CHICAGO, March 16 (Reuters) - Chicago Mercantile Exchange lean hog futures sank by the maximum daily trading limit on Thursday on rumors about a potential outbreak of a fatal pig disease which the U.S. government later said were untrue.
Unsubstantiated chatter about a U.S. case of African swine fever swirled in the market, but the U.S. Department of Agriculture told Reuters it was a rumor and the agency had not heard anything about even a suspected case.
CME April lean hogs finished down 4.3 cents at 79.450 cents per pound and set their lowest price since October 2021. The nearby contract has dropped 9% from its closing price on Friday.
June hogs dropped by the daily limit of 4.75 cents to 93.475 cents per pound and hit their lowest price since January 2022. The daily trading limit will temporarily expand to 7 cents on Friday, according to exchange operator CME Group.
The losses were a “total technical meltdown,” said Dennis Smith, commodity broker analyst at Archer Financial Services.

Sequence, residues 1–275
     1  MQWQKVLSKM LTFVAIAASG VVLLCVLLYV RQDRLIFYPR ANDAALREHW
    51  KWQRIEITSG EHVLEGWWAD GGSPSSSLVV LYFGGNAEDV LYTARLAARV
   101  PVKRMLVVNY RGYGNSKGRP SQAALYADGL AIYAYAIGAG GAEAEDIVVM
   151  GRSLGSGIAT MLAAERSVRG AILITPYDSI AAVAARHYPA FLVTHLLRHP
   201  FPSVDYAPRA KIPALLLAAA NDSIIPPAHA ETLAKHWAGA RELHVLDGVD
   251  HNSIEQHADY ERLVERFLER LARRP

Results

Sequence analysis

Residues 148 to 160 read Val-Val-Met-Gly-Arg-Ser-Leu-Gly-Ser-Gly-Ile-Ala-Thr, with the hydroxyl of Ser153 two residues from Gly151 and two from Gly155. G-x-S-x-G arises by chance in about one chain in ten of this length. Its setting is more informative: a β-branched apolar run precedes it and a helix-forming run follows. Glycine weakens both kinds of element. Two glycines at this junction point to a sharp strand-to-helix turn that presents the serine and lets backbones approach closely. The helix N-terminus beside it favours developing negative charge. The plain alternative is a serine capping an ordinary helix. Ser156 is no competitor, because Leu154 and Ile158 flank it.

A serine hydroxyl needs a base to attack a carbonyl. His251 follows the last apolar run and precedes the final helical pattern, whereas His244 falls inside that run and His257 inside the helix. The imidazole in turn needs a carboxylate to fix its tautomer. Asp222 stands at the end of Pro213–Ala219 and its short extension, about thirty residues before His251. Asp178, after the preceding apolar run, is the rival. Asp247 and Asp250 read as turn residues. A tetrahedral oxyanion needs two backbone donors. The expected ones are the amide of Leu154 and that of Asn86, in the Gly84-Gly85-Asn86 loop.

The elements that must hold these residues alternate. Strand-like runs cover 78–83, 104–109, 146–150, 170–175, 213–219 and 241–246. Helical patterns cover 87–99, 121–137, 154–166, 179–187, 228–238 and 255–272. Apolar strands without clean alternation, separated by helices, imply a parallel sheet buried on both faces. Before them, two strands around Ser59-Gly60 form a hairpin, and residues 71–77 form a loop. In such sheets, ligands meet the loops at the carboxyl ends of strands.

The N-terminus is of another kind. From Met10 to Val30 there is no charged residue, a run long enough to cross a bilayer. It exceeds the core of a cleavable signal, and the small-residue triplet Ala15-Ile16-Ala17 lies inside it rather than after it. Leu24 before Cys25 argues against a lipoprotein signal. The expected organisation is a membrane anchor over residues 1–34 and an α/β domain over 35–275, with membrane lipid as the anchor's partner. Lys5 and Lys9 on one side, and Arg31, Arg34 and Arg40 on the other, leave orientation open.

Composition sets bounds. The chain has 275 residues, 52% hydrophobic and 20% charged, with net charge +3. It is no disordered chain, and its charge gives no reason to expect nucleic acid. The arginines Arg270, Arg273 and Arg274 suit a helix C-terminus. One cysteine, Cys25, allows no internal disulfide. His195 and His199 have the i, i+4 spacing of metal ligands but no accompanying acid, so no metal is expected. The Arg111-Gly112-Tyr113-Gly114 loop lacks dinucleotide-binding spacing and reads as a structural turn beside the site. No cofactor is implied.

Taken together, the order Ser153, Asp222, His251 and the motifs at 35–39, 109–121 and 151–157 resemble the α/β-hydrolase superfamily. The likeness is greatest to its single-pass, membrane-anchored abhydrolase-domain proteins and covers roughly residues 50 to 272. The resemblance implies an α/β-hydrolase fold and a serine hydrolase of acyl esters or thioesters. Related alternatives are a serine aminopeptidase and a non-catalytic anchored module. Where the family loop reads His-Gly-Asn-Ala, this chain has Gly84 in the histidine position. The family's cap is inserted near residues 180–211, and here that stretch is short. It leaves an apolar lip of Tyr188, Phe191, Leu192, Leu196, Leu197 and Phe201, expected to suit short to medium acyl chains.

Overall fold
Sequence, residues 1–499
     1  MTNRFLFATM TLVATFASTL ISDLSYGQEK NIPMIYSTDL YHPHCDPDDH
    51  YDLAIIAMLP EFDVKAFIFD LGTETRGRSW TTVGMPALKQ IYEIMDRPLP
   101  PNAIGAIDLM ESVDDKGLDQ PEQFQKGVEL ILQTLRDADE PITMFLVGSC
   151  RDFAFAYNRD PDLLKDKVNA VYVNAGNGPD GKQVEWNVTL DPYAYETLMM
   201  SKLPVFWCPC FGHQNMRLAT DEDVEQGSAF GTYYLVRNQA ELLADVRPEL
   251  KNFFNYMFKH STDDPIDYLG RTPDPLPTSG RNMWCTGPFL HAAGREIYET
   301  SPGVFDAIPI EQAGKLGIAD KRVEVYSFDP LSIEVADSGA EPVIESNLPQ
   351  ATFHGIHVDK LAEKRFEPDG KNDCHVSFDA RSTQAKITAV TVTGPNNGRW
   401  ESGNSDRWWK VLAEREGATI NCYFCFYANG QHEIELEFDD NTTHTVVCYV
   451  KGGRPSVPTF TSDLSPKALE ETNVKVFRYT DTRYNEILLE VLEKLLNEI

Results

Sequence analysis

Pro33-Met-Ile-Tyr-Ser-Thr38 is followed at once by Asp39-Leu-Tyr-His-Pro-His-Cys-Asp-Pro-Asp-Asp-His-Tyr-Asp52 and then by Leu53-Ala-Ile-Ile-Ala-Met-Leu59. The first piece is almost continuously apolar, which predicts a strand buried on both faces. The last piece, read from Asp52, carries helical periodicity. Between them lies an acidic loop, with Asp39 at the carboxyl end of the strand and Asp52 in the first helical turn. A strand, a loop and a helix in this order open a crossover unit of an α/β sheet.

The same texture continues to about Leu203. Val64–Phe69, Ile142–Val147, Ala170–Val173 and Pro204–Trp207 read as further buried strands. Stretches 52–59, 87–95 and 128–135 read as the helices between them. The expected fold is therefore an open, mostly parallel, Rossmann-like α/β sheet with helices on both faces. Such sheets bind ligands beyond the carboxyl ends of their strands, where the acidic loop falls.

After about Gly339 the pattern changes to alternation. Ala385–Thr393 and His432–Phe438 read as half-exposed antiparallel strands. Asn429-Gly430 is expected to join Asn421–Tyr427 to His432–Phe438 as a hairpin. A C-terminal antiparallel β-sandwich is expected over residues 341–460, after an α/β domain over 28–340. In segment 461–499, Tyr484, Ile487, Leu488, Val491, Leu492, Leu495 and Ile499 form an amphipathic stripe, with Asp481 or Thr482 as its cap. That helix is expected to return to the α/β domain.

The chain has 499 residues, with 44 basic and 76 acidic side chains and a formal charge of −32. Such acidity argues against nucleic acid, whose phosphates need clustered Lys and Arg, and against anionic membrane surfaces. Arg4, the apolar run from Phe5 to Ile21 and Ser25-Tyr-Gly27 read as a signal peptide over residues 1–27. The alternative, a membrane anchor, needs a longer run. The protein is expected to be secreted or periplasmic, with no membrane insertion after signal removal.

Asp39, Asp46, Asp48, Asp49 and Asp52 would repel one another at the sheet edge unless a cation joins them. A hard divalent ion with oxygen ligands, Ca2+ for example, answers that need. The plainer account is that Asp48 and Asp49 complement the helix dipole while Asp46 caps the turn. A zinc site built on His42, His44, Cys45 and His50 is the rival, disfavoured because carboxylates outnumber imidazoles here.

“There’s no explanation for the charts coming totally unglued,” he said.
Concerns about reduced demand for U.S. hams from Mexico, a top market for American pork, loomed over the hog market due to strength in the U.S. dollar, traders said.
Mexico’s peso has been volatile in recent days, sliding around 3% against its U.S. counterpart in the last week as traders flocked to the safe-haven dollar.
Pork cutout values for hams slid by $6.00 to $76.13 per hundredweight (cwt), after tumbling by $6.34 on Wednesday, the U.S. Department of Agriculture said. The pork carcass cutout fell by $1.89 to $84.49 per hundredweight.
In the cattle markets, spillover support from rising equities helped support a rebound in futures prices, traders said.
CME April live cattle ended 0.800 cent higher at 162.350 cents per pound. April feeder cattle finished 1.9 cents higher at 195.150 cents per pound. (Reporting by Tom Polansek; Editing by Shounak Dasgupta)
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